Sounds really like atonal trash, but even a simple FM patch gives a huge range of sound:

http://kufrec.com/temp/tonal.mp3

A more tonal thing now — sine oscillators, 2 per strip, tuned apart in intervals within a minor scale, for a total of 24 oscillators. Position controls amplitude and pressure controls the speed of a dedicated LFO (12 in total) and its amount of amplitude modulation. It is all transposable using a keyboard so I get more range. G2 again.

Lastly, I made an mp3 of a Karplus-Strong patch [physically-modeled string impulse] driven by the controller:

Position controls rate of an LFO sending impulses to a physical modelled string. Pressure controls amplitude.
http://kufrec.com/temp/karplus.mp3

Sources for parts:
Sensors:
http://www.sparkfun.com/commerce/categories.php

Midi-encoders [as in processing, not knobs - Ed.]:
http://highlyliquid.com/midi-controllers/midi-cpu/
http://www.doepfer.de/usb64.htm

Front-panels:
http://www.schaeffer-ag.de/index.php?L=1

  • James

    Frankly, I'm more inclined to pick up one of these, or a manta before I ever considered a grid of the monome sort. Maybe I'm just repeating the 70s again when us disco roller skaters looked at skateboarders and thought "that'll never take off", but I just can't get into the square grids. That's a whole different story. What I do like about the manta particularly is that it uses a honey comb matrix. Let's face it, there's a reason why nature uses carbon as a basic structure and why my favorite board games use a hexagon grid. They're fascinating, immediately more musical theoretically than a grid. I like what Rasmus says about getting the music out of the machine and into the fingers.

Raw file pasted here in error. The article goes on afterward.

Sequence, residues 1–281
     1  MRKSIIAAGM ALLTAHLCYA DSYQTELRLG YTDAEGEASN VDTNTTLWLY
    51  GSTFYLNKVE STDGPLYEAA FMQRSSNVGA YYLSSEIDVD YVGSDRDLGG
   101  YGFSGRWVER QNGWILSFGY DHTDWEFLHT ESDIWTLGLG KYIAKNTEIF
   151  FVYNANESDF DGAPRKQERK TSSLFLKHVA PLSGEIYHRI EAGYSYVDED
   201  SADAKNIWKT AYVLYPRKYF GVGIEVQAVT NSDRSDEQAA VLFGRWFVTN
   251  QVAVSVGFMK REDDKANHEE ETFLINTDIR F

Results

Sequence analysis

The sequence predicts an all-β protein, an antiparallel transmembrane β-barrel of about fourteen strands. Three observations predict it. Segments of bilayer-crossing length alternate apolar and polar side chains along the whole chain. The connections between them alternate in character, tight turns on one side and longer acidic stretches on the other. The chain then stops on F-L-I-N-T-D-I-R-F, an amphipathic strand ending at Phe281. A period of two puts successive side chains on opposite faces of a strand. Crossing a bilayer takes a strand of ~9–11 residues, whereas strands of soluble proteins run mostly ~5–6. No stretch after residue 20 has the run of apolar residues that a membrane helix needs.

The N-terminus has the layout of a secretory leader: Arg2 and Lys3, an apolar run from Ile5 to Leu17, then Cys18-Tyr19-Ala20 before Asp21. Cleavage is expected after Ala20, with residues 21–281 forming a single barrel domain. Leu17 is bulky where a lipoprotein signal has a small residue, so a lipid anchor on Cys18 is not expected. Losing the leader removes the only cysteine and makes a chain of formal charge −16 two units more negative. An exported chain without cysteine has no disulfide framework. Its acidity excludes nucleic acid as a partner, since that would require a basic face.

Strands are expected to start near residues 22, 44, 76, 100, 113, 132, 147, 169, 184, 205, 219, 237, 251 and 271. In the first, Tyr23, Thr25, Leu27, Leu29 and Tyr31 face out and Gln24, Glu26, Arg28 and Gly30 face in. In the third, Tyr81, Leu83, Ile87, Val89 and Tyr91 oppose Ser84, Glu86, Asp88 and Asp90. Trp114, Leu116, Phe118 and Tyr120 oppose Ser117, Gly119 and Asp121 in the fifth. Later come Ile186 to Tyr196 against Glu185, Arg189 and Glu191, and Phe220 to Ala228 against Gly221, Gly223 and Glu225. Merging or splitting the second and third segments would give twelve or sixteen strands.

• guss

    I don't quite understand. Aside from not having to connect to a computer, what can this do that the manta can't? I thought it was fully programmable…

  • http://noisepages.com/members/mush/ Rasmus Nyåker

    Guss: It does send 2 cc's per finger instead of one, so it is a lot more versitile than the Manta. The Manta does only send one CC per hegaxon and the difference between minimum and maximum value on that CC is pretty small physically, so it is very hard to control in a nice way. I like the Manta, but I love this controller. Having both position and pressure sense is soo much more expressive. The Manta could be replicated on an iPad with clever programming, this controller can't.

  • guss

    Ah, I see. I thought that the manta sensed pressure as well.

  • http://noisepages.com/members/mush/ Rasmus Nyåker

    The Manta does only sense how much of each hexagon is covered up to 50% of the area, that's giving the maximum signal. And to be sure to hit the hexagon you will need to cover some area, which gives about 20% higher than the minimum CC value.

  • http://www.inoutfest.org Flplsx

    kind of reminds me of Madrona Labs' Soundplane, at least in the theory that musical control is in the finger, not the software.

    A keyboard is a great control surface for a piano, or similarly, any sort of mallet percussion. A synthesizer is in a different domain, and needs a different control scheme. But just as every synth can have multiple timbral personalities, its control surface should be equally as malleable. It all depends on what you're trying to do. Sometimes a sequencer is the best tool, sometimes a keyboard, but I think there needs to be other options.

    In other words, this guy makes me very happy.

  • http://www.musicalgeometry.com Jason